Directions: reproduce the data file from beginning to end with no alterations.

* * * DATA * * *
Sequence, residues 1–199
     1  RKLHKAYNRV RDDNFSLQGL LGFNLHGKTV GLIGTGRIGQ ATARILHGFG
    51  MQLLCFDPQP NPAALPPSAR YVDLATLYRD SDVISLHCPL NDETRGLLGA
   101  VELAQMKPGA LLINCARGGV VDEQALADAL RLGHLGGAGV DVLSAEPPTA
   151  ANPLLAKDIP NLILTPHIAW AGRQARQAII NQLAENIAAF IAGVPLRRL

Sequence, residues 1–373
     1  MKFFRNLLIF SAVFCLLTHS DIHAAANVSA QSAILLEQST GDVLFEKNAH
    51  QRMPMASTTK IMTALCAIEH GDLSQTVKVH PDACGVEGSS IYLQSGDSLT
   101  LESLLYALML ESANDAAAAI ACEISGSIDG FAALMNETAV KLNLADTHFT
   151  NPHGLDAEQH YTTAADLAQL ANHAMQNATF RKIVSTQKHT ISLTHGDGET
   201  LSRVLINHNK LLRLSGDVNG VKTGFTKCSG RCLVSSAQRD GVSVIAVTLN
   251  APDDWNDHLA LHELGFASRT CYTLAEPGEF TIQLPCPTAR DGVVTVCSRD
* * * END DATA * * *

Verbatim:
Sequence, residues 1–199
     1  RKLHKAYNRV RDDNFSLQGL LGFNLHGKTV GLIGTGRIGQ ATARILHGFG
    51  MQLLCFDPQP NPAALPPSAR YVDLATLYRD SDVISLHCPL NDETRGLLGA
   101  VELAQMKPGA LLINCARGGV VDEQALADAL RLGHLGGAGV DVLSAEPPTA
   151  ANPLLAKDIP NLILTPHIAW AGRQARQAII NQLAENIAAF IAGVPLRRL

Sequence, residues 1–373
     1  MKFFRNLLIF SAVFCLLTHS DIHAAANVSA QSAILLEQST GDVLFEKNAH
    51  QRMPMASTTK IMTALCAIEH GDLSQTVKVH PDACGVEGSS IYLQSGDSLT
   101  LESLLYALML ESANDAAAAI ACEISGSIDG FAALMNETAV KLNLADTHFT
   151  NPHGLDAEQH YTTAADLAQL ANHAMQNATF RKIVSTQKHT ISLTHGDGET
   201  LSRVLINHNK LLRLSGDVNG VKTGFTKCSG RCLVSSAQRD GVSVIAVTLN
   251  APDDWNDHLA LHELGFASRT CYTLAEPGEF TIQLPCPTAR DGVVTVCSRD